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In years gone by it was something people did at work if they were bored to find out if they shared their name with anyone famous. I even remember an episode of The Simpsons where Homer and friends had a quiet afternoon at the Power Station and got on Google to pass the time. We now live in an ever increasingly online world and I see Googling your own name as an essential part of managing your own online brand and reputation. In this post I will highlight some reasons why you should do this, how to improve your rankings & online presence then look at Google Alerts to keep track of what others are saying about you.

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Firstly, you should be Googling your name because other people are. From potential employers, customers and suppliers to industry colleagues and your current employer most people who you interact with on a professional basis will want to know more about you. The first thing our company do with any job applicants is put their name in Google, sometimes it can tell you a whole lot more than a CV / Resume!

With that said, it is important to bear this in mind from a career point of view. Most of us will change jobs or contract roles at some time or at least be looking for internal promotion and having a strong online presence can help you stand out from the competition. If the decision is between you and another equal candidate but you have some relevant, well written online content there is a fair chance you will be selected. The same can be said for pitching to potential customers, if it is evident that the representatives from your organisation have a passion for their subject and take the time to produce online material it will be to your advantage.

In terms of managing your content, here are a few tips: Have a full Linked In account with job roles and detailed descriptions, make sure you have a relevant Bio on Twitter with reference to your skill set, be an active contributor on SAP Community Network and also, set up you own personal blogging site. Some examples of these are blogs by myself Tim Guest and John Appleby where a good mix of work related and non work related content is posted. (Note the use of Anchor Text on our names to help with SEO! 🙂 )

Once you have some good online material, keep searching on Google to see where you are in the rankings. Clear the page history so Google isn’t biased to your previous searches. If you have a very common name or you share a name with someone like Brad Pitt, try searching Your Name and SAP or NetWeaver or whatever your niche specialism is. I share my name with an author but I’m slowly climbing the rankings to overtake him as he sadly passed away.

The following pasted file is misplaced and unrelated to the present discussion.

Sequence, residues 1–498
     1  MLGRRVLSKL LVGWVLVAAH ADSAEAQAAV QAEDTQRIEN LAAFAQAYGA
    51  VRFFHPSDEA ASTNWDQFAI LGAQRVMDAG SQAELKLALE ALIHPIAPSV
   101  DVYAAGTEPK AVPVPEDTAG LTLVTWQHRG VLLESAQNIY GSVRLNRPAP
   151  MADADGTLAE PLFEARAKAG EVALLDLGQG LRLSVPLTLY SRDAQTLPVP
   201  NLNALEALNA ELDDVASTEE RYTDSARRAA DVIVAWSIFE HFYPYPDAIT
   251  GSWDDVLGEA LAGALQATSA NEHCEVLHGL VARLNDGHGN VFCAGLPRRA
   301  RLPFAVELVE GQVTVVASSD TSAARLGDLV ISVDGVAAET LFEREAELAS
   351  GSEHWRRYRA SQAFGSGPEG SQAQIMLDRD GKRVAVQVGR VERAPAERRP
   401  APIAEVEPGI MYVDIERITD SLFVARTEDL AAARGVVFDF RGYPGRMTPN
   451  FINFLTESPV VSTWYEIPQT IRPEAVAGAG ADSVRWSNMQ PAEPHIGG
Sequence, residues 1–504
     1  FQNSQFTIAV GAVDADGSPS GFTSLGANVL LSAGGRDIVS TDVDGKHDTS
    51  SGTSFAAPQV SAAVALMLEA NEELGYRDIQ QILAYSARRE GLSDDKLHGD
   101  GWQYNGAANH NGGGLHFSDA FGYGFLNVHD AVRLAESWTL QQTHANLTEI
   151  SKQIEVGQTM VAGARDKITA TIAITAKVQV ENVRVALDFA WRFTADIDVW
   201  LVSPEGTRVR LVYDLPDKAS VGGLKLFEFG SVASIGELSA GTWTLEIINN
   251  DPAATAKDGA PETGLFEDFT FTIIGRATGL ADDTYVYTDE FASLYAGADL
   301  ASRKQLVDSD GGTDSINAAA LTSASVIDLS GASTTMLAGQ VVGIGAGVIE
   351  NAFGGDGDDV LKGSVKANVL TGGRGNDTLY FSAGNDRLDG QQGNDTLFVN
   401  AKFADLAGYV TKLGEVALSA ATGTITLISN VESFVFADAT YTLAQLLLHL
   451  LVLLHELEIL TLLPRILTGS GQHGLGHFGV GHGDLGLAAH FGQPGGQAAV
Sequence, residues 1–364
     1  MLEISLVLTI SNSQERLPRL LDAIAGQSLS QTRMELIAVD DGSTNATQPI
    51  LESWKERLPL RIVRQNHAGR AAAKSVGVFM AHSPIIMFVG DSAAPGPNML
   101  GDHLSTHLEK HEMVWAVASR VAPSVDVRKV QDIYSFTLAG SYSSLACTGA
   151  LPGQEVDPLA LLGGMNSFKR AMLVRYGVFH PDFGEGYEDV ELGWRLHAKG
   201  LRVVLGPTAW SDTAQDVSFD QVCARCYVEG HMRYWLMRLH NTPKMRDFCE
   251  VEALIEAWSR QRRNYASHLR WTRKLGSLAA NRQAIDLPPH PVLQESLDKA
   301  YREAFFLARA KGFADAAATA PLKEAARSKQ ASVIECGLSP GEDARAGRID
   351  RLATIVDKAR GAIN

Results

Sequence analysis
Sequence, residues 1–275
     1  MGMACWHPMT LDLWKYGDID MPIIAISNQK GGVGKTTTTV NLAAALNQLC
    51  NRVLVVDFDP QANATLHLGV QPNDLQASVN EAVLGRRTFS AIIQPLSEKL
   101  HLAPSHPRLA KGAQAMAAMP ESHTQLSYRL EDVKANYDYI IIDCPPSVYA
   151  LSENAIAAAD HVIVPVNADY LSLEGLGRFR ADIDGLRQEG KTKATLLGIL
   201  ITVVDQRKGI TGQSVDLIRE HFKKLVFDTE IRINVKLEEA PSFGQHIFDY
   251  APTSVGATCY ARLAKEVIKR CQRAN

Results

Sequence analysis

To view information on SEO techniques for blogs please see my recent post here: Post

You can control your own content but what if someone else is writing about you? A good way to keep track of this is to set up a Google Alert – This will search the web as often as you like and email you with any new content containing the words you select. You have no control over what other people write but “Forewarned is forearmed” and this will enable you to respond to any potentially negative comments promptly. On a lighter note, if you receive online praise it is good to capitalise on this, add a comment or Tweet the article.

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It is important to remember, this is an art not a science and it needs constant attention. To see some other great content on this subject I would recommend looking at some of Jason Lax’s posts. As always, if I can be of assistance please let me know.

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2 Comments

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  1. Jason Lax

    First, thanks for the mention: I did get an alert for this but was out sick and didn’t have a chance to read your blog until now 🙁

    This is great advice and “Googling” prospective employees or partners (work or otherwise) is the now the norm so it’s important to treat your online presence as an extension of your resume.  Sites like Internet Archive / Wayback Machine make it especially hard to remove older traces of your online activity so always be careful (Just look at this archived version of SCN’s first homepage).

    I’d like to add that you can configure Google Alerts with search operators so that only exact strings are returned and other terms are excluded. For example, use quotation marks to search for exact strings, such as “Tim Guest” OR “Guest, Tim” (notice the OR) and you can use a minus in front of terms to exclude them from results. Here’s a handy reference doc: Google Guide Quick Reference: Google Advanced Operators (Cheat Sheet)

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